ERIC Number: ED420195
Record Type: RIE
Publication Date: 1998-Mar
Vocabulary Learning Strategies for Specialized Vocabulary Acquisition: A Case Study.
A study investigated and compared the vocabulary learning strategies (VLSs) of five non-native English-speaking and six native English-speaking (NES) graduate students of theology in a core course. The students of English as a Second Language (ESL) were all native speakers of Cantonese or Mandarin Chinese. Specifically, the research explored (1) what VLSs the ESL and NES students use to learn the specialized vocabulary of their discipline, (2) how these VLSs may be classified in relation to previous studies, and (3) whether a particular approach (structured vs. unstructured) or strategy (consulting a dictionary) predicts success in lexical acquisition. Data were gathered using a test of theological language that elicited information about both breadth and depth of vocabulary knowledge at the beginning and end of the term, mid-term interviews with each student concerning VLSs and overall study strategies, and a term-end questionnaire on specific vocabulary learning opportunities and strategies. All are appended. Results confirmed the expectation that most students do not use a structured VLS, and that structure in the VLS does not appear to predict success in developing vocabulary knowledge. Individual variations in VLS are discussed, and implications for specialized vocabulary teaching are examined. Contains 28 references. (MSE)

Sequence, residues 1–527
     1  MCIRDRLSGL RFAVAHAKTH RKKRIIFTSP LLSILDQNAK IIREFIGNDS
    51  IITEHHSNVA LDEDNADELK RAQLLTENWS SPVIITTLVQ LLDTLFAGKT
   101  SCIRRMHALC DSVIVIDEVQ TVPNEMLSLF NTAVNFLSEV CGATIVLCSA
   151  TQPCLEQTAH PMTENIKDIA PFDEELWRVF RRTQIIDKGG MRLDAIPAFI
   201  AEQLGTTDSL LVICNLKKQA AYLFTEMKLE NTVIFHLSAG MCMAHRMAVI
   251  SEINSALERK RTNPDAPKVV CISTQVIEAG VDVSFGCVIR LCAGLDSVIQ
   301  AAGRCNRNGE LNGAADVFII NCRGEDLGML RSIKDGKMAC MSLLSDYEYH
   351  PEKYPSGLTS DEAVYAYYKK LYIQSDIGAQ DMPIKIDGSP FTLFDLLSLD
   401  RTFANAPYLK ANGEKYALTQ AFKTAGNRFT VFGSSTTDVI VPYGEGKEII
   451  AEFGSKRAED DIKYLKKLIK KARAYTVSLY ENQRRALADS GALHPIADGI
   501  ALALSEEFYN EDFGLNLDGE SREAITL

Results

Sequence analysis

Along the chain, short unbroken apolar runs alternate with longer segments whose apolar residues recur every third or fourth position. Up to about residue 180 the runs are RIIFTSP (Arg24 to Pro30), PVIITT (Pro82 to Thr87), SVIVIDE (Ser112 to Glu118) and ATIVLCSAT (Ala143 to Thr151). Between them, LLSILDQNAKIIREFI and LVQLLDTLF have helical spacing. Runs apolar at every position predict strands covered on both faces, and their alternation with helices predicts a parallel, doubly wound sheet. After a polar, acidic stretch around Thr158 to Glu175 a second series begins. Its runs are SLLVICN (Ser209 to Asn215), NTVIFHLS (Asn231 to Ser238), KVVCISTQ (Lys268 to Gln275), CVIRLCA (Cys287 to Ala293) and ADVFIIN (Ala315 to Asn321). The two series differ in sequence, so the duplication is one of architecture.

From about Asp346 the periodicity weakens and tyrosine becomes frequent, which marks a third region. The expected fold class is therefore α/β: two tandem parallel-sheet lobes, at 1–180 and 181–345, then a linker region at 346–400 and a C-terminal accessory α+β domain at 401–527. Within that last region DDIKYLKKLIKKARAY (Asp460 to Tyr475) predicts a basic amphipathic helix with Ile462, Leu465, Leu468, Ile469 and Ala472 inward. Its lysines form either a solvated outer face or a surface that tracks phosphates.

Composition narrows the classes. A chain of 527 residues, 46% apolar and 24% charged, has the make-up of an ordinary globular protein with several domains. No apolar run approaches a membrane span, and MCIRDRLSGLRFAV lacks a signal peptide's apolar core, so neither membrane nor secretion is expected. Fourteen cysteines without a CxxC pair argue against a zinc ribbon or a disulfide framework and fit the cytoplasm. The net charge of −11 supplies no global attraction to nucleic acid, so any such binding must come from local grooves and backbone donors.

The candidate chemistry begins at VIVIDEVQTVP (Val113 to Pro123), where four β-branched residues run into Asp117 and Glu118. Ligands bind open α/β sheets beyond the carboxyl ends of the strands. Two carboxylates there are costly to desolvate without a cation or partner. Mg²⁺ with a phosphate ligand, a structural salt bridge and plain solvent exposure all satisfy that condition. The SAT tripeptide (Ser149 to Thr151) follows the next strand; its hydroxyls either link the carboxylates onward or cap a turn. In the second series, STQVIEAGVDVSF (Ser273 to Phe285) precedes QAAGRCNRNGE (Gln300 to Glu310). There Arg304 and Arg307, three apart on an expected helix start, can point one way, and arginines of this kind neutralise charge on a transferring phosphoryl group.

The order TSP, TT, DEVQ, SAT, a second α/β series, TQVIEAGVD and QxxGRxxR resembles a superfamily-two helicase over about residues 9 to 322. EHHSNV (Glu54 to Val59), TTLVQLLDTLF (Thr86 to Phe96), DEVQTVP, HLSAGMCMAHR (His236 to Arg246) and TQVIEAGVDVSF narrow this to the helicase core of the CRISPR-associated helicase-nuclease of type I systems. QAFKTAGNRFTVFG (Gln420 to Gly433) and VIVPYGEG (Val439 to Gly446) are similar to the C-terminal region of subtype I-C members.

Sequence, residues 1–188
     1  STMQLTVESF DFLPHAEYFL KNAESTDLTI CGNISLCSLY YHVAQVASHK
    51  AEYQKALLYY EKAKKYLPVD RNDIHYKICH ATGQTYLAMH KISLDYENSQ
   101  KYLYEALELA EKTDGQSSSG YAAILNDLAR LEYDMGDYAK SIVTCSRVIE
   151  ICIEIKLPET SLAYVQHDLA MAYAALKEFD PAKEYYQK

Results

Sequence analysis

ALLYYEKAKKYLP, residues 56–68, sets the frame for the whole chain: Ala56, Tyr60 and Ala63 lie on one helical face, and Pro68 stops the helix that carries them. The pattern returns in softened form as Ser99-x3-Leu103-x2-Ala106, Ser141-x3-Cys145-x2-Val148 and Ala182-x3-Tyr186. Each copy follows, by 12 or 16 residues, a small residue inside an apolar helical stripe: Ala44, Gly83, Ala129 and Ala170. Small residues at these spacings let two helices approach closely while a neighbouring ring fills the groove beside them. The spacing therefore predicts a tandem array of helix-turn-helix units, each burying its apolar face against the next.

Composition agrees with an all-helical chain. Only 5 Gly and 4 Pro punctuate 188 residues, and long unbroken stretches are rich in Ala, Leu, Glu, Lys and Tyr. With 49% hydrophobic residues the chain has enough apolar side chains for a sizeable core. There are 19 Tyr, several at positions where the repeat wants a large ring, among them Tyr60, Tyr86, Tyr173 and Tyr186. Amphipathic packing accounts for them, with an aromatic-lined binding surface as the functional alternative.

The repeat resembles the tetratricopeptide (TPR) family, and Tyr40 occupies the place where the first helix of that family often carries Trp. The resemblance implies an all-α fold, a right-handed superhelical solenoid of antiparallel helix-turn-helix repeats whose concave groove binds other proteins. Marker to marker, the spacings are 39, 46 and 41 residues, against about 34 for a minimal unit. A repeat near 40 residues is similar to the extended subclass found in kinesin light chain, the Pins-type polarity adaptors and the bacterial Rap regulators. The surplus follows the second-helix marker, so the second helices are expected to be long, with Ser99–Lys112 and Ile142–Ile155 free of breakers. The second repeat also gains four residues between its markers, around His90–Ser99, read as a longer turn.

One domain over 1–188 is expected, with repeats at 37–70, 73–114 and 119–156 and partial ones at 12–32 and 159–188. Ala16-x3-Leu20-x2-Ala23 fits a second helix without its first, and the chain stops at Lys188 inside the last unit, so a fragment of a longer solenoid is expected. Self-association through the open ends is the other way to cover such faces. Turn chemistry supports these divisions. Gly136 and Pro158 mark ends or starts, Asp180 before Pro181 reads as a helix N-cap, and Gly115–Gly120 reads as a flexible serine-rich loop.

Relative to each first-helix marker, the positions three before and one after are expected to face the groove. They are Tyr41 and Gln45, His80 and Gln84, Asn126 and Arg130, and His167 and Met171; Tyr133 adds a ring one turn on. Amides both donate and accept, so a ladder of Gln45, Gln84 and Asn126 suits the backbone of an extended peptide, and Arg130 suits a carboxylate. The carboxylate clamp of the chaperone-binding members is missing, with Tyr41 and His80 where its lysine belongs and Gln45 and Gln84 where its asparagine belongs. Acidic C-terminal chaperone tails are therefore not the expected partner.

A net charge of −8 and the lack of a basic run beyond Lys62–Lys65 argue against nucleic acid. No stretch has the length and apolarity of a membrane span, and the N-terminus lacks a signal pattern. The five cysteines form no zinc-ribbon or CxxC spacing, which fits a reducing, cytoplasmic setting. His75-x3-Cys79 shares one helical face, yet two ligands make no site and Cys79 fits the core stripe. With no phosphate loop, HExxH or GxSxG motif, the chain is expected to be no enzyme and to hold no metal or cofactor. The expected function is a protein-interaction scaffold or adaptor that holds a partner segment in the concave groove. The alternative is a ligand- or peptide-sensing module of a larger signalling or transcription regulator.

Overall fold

Publication Type: Reports - Research; Speeches/Meeting Papers
Education Level: N/A
Authoring Institution: N/A
Note: Paper presented at the Annual Meeting of the Pacific Second Language Research Forum (3rd, Tokyo, Japan, March 26, 1998).